Netanyahu’s dilemma: Campaigning on a security ticket when Iran calls the shots

Prime Minister Benjamin Netanyahu has announced an early general election in January, 2013. Most pundits agreed he would lead his Likud party’s campaign for reelection on the security ticket, namely the danger of a nuclear-armed Iran.  
Netanyahu explained his decision by his coalition partners’ refusal to make do with a “responsible budget” and  said he would rather have his government fall than increase the deficit, especially when the country’s top priority was stopping Iran gaining a nuclear bomb.
Running on the Iran ticket subjects him to three major difficulties:
1.   Tehran can be safely guaranteed to place every possible obstruction in the prime minister’s path to an election win because his failure in the polls would not just suit Iran but be popular in the Arab world where he is portrayed as a fire-eating militarist although he has delayed attacking Iran for three and-a-half years.
2.   Tehran, helped by its proxies, the Lebanese Hizballah and the Palestinian Hamas and Jihad Islami, will dig up every possible stratagem to tarnish his performance, such as the unmanned helicopter flyover which Saturday, Oct. 6 showed Israeli air defenses in a poor light , and the salvo of 55 missiles and mortars from the Gaza Strip two days later.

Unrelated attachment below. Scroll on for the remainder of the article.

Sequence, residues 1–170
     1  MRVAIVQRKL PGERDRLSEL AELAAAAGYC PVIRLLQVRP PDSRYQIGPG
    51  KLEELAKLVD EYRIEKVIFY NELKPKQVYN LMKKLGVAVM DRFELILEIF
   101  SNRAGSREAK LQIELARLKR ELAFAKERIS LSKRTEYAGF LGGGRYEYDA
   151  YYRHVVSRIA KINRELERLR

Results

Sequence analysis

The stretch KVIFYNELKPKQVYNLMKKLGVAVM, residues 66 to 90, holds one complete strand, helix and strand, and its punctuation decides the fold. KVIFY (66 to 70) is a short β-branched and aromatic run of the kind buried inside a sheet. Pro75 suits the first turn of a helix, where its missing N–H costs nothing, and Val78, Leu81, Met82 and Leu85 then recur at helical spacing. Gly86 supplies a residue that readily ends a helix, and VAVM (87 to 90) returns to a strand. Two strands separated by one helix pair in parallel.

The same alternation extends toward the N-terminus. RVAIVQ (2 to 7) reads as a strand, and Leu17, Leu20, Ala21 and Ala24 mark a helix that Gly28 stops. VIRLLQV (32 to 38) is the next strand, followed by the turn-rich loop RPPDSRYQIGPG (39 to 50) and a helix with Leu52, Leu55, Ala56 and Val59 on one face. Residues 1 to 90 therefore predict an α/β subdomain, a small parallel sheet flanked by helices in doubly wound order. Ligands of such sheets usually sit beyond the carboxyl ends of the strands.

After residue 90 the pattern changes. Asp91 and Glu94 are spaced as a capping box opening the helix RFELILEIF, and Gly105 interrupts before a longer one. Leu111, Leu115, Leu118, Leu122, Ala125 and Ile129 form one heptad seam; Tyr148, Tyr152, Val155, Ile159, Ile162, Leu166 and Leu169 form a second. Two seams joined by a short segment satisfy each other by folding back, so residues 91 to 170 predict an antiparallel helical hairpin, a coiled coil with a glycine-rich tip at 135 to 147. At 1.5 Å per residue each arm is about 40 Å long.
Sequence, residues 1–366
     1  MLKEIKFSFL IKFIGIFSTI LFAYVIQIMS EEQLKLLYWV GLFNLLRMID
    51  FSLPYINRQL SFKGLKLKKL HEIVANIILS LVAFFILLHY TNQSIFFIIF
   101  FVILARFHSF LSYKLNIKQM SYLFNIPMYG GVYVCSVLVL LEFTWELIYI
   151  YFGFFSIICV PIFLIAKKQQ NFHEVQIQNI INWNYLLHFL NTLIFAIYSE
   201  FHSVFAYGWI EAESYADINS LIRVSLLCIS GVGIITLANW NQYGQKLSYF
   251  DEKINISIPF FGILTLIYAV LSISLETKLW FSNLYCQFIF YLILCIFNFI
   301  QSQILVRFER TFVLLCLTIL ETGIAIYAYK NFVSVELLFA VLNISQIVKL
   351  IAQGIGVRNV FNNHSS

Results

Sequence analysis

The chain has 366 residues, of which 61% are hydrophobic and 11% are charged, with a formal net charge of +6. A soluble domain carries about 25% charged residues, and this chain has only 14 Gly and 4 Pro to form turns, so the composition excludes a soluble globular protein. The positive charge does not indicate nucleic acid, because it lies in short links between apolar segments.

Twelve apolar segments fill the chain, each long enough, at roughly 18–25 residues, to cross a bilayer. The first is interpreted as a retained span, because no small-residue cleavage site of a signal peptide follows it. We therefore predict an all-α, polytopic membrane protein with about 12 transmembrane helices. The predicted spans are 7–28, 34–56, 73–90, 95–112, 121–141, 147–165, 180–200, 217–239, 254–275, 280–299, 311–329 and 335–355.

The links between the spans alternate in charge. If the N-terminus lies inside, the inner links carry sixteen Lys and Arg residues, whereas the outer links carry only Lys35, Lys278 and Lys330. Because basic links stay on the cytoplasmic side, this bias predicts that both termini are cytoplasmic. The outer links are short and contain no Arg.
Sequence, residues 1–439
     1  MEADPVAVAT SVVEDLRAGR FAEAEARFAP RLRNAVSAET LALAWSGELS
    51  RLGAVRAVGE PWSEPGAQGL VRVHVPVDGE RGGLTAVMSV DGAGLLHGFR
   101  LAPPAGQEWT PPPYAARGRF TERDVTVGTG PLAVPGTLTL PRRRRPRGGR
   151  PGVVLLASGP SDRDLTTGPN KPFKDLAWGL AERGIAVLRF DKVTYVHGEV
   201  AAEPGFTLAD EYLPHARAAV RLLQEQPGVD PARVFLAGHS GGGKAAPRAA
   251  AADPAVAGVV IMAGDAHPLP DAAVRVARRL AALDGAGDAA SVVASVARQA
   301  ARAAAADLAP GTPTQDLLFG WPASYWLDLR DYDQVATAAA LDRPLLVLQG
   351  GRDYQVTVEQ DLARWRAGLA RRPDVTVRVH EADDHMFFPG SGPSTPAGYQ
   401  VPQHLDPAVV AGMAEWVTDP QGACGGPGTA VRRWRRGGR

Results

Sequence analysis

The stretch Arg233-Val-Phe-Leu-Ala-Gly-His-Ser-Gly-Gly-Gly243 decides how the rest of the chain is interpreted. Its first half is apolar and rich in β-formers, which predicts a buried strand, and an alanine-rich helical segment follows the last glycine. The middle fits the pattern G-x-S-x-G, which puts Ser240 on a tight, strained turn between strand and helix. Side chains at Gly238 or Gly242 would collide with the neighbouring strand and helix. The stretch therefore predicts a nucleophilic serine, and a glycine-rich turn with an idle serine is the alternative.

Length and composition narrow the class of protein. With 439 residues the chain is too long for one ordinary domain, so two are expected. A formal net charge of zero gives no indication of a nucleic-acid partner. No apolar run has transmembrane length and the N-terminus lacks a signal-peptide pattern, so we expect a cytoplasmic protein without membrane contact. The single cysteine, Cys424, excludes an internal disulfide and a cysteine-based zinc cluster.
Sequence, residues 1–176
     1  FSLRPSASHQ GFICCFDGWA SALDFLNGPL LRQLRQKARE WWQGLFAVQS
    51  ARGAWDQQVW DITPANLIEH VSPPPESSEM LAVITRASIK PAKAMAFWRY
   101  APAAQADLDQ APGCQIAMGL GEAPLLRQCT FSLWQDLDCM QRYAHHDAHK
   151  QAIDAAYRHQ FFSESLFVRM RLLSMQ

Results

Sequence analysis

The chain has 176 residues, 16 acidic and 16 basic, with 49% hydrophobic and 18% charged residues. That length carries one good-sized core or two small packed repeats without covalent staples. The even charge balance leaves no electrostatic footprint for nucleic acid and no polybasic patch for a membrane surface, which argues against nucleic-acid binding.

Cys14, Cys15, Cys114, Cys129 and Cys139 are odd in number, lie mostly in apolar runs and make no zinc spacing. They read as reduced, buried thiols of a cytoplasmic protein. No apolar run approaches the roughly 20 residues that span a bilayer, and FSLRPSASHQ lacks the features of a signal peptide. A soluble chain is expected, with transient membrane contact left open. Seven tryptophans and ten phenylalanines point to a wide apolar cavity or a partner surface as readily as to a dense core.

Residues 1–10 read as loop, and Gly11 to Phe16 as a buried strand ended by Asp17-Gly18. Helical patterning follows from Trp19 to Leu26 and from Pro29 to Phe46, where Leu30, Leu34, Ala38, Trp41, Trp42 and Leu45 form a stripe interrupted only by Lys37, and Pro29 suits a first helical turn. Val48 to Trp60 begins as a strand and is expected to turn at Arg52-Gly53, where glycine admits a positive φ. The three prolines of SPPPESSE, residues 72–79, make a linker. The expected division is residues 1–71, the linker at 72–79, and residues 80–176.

Until recently, it was generally believed that the Israeli government’s military decisions were motivated solely by considerations of national security without political undertones.
But that was only so long as the prime minister and the defense minister were of one mind.
However, the falling-out between them of late means that neither trusts the other’s decisions any longer. An election campaign in these circumstances could have disastrous fallout.
3.  President Barack Obama’s campaign for reelection in less than a month will no doubt play into the Israeli election contest. The US president, who has accused Netanyahu of interfering in his race for a second term, will no doubt bring his weight to bear on the Israeli poll.  Last-minute cancellation of joint exercises, for example, or other such steps could reflect negatively on Netanyahu’s prospects.

Obama will be swayed most of all by his prospects against the Republican Mitt Romney. This consideration might persuade him to play the Iranian card and thereby indirectly affecting how the Israeli prime minister comes out of his election.
In this respect, Obama has three options: a) To exercise the American military option and blowing away Iran’s nuclear program – with or without Israel. b) To meet Iran’s leaders halfway for a diplomatic breakthrough that would amaze the American voter and be inimical to Israel and set back Netanyahu's chances or reelection; or c) To do nothing.
It is hard to say at this time whether or not Mitt Romney if elected would give Netanyahu a leg up before he takes the oath of office.
The rumor mills in Jerusalem, Washington and Tehran are buzzing with speculation about what to expect in the days ahead.  The new players in the Israeli ring, Labor’s leader Shelly Yacimovich who has never before faced a general election and Yair Lapid who has just founded “Yesh Atid” (There Is a Future) and whose platform is still an enigma, are unlikely to have cruckal effect on the eventual outcome of the high-stakes game of strategy in progress between Obama, Ayatollah Ali Khamenei, Hassan Nasrallah, and Binyamin Netanyahu.  

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